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Slow Wine is the official Slow Food magazine dedicated to discovering the world of Italian wine. Join Slow Wine for Italian wine showcases in Los Angeles (Jan. 27), San Francisco (Jan. 29) and New York City (Feb. 2 and 3).

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Sicily, the largest island in the Mediterranean Sea, is also one of the Italian regions most intensely planted with vines, with about 271,700 acres of vineyards. To put that in perspective, another region with a great winemaking tradition, Piedmont, has half that surface area dedicated to viticulture.

Vines have been grown in Sicily ever since it was colonized by the Greeks in the pre-Roman era, 500 years before the birth of Christ. The island’s growers are helped by a climate ideal for grapevine cultivation, with many days of sun and very high temperatures.

The landscape is characterized by the plateau formed by the Hyblaean Mountains, which lies mostly in the province of Ragusa, celebrated for its baroque architecture. The countryside offers the perfect union between the signs of human agriculture—bright white drystone walls edge the fields—and wild nature, the coastline edged with sandy dunes and rocky outcrops.

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Since 2005, Cerasuolo di Vittoria has been (for now) the only wine in Sicily to boast DOCG (Controlled and Guaranteed Denomination of Origin) status, testifying to its great historical importance—historical, rather than contemporary. Despite a very important past it has only been rediscovered by Italian and international consumers in recent years. In past centuries it was one of the world’s most-sold wines , especially for blending. But after the First World War it fell into deep obscurity, as peasants and farmers abandoned their vineyards, and risked disappearing completely.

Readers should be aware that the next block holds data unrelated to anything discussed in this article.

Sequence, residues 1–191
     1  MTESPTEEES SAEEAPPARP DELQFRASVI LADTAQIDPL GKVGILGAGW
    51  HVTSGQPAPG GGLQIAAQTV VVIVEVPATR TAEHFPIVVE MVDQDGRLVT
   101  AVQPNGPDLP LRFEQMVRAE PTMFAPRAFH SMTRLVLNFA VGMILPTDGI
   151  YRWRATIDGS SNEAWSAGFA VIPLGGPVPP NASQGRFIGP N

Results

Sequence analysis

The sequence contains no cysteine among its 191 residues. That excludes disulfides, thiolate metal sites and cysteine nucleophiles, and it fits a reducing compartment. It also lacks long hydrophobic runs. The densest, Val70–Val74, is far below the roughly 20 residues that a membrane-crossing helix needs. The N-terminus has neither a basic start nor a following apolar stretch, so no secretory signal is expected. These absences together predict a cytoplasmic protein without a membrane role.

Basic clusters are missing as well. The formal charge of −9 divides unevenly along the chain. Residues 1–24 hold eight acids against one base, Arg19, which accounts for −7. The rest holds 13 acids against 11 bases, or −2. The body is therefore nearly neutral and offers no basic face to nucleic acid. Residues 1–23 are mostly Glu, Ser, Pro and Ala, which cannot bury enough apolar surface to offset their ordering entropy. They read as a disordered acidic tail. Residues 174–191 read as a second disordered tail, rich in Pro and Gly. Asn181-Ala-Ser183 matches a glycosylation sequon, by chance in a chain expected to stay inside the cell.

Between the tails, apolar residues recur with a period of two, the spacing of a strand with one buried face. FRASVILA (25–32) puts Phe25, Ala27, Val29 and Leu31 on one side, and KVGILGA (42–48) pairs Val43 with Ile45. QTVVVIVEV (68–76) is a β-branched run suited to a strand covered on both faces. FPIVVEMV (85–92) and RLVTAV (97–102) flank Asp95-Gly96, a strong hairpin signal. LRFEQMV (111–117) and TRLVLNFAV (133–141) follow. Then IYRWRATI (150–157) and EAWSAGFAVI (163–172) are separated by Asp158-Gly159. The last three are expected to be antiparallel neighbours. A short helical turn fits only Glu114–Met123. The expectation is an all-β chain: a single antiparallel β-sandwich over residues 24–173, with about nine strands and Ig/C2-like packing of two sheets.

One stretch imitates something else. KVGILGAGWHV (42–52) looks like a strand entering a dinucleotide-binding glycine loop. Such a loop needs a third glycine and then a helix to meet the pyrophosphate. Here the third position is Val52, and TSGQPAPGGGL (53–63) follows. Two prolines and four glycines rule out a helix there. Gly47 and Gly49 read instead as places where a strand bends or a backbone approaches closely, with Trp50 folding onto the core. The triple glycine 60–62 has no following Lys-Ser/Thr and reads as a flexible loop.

But let’s come to the present day. The Cerasuolo di Vittoria production area falls within three provinces: Ragusa, Caltanissetta and Catania. The small town of Vittoria, founded in 1607, is the nerve center for the wine’s production. We are in the southernmost part of Sicily, at a latitude further south than the African city of Tunis. As a result, the climate is defined by very high annual average temperatures and dry summers with little precipitation. What makes the landscape of this denomination unique is the soil, made up of reddish sand, ostensibly light but contributing decisively to the main sensory characteristics of this important red.

Not a huge number of wineries produce this wine, but almost all of them are focused on quality, and this ensures that the average standard of Cerasuolo on the market is very high. Read about our five favorites in the first issue of Slow Wine magazine, available now for free.